from The Century Dictionary.
- noun Soot from burnt wood. It has been found useful as a manure.
Sorry, no etymologies found.
If this is not at hand, wood-soot (not coal) pounded, sifted, and mixed with lard is nearly as good, as such soot contains creosote.
With the dirt they appear nearly as black as a negro; and according to our best discoveries, the skin itself is of the colour of wood-soot, or what is commonly called a chocolate-colour.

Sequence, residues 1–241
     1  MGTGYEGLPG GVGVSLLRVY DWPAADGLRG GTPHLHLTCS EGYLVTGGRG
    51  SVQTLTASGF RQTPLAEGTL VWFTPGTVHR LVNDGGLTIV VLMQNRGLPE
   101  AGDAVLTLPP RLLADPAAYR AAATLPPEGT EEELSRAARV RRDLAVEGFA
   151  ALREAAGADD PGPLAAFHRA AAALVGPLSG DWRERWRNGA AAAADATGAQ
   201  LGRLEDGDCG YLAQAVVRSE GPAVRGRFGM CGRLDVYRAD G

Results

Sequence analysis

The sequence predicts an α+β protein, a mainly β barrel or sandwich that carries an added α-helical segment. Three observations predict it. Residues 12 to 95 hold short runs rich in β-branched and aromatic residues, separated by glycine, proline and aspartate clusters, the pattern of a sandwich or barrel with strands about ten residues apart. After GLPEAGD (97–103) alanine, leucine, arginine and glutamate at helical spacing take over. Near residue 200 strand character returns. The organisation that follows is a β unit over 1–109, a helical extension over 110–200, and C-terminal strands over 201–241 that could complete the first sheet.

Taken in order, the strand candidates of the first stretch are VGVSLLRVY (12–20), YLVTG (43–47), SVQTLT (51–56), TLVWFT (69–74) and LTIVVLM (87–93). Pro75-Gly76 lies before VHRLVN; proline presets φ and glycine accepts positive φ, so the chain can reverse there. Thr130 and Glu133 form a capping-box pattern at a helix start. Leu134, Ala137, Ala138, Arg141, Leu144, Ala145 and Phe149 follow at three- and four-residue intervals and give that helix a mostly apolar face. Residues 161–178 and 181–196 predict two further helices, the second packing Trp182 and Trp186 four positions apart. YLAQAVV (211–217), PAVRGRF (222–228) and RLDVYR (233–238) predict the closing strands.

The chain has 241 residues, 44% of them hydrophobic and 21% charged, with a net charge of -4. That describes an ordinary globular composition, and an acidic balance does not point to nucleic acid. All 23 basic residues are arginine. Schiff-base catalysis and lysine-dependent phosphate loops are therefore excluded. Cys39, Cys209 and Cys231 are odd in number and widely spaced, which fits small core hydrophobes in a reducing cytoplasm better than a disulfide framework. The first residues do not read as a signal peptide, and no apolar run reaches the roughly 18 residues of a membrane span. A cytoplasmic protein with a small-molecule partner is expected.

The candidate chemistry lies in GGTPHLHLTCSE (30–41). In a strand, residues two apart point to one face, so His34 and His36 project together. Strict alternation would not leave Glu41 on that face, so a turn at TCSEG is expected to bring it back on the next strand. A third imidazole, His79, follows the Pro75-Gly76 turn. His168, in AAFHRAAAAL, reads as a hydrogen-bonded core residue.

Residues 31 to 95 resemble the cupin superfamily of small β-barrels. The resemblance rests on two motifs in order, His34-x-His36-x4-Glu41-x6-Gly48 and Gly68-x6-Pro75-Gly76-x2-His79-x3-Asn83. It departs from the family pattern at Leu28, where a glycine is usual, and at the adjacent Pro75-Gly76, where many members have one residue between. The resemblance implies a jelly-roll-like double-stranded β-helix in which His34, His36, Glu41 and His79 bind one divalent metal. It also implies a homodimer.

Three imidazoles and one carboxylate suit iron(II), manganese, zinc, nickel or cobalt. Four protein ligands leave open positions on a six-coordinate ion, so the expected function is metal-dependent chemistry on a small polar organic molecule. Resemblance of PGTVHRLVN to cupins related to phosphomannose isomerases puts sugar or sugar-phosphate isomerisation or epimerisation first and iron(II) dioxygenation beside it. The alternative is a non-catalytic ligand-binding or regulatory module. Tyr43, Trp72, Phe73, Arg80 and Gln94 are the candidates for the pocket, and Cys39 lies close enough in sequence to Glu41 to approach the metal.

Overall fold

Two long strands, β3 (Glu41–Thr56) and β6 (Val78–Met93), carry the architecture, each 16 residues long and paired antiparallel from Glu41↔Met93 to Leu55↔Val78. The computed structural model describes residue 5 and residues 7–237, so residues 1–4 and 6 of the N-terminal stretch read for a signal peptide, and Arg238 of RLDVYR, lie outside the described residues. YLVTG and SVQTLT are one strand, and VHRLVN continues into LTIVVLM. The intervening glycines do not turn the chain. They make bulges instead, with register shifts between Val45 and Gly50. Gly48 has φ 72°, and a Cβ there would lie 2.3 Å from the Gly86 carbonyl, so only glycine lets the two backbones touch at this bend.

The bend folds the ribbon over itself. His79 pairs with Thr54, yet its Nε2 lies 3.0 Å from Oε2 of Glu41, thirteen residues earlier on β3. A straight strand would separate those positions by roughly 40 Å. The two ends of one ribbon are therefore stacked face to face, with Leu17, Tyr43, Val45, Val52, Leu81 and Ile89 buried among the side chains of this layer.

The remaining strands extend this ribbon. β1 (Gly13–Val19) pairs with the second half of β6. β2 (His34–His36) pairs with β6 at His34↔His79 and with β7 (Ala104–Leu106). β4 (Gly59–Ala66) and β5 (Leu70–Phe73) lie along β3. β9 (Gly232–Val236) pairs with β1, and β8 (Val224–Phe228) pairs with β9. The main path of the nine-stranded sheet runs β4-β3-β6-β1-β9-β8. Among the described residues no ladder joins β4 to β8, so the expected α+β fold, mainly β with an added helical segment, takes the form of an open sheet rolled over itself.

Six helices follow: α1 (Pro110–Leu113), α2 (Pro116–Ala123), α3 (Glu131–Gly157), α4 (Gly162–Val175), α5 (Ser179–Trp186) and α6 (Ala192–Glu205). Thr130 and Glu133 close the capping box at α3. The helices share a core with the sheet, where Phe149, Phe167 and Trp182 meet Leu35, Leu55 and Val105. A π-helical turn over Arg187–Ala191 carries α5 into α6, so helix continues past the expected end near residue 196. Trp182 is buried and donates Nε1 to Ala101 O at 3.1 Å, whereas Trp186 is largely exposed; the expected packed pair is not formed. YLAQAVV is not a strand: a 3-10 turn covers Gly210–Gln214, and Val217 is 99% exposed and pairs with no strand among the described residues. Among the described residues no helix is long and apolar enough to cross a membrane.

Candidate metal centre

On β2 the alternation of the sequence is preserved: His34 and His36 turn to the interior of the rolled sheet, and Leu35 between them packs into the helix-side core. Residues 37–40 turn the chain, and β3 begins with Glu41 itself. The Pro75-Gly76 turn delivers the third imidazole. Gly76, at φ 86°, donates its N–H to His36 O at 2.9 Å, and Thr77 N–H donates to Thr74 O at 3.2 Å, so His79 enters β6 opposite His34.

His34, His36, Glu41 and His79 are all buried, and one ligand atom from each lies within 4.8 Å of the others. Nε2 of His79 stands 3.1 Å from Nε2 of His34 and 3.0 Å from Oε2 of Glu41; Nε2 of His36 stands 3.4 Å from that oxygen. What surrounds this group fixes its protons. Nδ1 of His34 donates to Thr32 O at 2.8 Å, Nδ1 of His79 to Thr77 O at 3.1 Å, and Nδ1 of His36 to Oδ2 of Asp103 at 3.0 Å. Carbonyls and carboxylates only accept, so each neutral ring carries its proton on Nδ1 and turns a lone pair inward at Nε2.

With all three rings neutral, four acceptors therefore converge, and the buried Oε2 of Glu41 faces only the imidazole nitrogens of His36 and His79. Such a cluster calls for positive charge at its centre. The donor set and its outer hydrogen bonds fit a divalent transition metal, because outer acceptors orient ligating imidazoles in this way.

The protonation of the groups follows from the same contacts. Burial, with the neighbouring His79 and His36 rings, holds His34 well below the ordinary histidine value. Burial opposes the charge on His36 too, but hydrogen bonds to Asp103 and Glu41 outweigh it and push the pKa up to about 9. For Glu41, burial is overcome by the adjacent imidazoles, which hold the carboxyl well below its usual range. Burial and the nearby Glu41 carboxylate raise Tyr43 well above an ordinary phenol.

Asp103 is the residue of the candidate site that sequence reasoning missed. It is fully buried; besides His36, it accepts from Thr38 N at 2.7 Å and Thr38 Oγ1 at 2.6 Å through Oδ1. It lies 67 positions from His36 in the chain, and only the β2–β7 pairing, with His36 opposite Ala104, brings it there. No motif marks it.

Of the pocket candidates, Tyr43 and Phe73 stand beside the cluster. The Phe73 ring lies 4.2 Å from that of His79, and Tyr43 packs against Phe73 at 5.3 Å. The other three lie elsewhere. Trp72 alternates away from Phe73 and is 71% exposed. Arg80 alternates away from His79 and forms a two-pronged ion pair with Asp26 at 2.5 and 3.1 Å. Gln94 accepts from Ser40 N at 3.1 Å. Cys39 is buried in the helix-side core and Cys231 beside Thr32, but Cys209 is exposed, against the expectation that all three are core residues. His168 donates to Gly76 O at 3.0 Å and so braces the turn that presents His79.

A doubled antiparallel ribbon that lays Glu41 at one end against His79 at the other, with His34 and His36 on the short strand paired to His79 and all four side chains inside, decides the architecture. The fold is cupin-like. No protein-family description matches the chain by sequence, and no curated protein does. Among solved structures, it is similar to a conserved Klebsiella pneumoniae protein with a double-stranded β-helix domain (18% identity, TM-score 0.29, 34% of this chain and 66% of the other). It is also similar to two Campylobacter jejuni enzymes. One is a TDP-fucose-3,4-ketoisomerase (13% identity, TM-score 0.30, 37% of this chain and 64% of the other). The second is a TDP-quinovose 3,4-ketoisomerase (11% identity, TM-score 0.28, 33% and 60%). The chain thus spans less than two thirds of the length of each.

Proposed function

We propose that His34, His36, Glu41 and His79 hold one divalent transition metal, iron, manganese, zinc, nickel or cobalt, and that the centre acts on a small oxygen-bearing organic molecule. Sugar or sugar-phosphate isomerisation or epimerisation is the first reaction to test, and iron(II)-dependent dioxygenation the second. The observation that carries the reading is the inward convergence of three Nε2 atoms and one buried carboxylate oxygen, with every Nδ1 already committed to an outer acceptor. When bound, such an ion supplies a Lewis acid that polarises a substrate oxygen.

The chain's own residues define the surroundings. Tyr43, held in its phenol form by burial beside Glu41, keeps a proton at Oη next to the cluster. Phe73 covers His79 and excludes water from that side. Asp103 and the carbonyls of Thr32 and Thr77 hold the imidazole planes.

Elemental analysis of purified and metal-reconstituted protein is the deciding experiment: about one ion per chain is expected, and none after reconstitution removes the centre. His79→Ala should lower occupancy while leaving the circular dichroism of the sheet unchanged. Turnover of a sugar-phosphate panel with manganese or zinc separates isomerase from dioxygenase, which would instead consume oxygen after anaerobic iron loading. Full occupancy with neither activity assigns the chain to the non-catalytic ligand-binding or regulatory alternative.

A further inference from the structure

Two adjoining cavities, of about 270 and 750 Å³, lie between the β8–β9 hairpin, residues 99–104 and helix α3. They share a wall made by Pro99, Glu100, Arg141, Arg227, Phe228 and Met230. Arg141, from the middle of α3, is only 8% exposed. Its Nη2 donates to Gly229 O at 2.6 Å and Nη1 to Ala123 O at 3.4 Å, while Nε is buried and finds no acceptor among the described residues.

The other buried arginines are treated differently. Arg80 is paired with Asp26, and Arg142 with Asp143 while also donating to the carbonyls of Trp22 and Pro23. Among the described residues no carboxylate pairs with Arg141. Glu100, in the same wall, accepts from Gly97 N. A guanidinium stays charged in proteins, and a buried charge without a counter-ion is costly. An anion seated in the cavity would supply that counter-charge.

Spirit of hartshorn, oleum animale, spunge burnt to charcoal, black-snuffs of candles, which consist principally of animal charcoal, wood-soot, oil of amber.
"The man who watched by the river in the blue gown brought me paper, a pen, and some wood-soot mixed with water.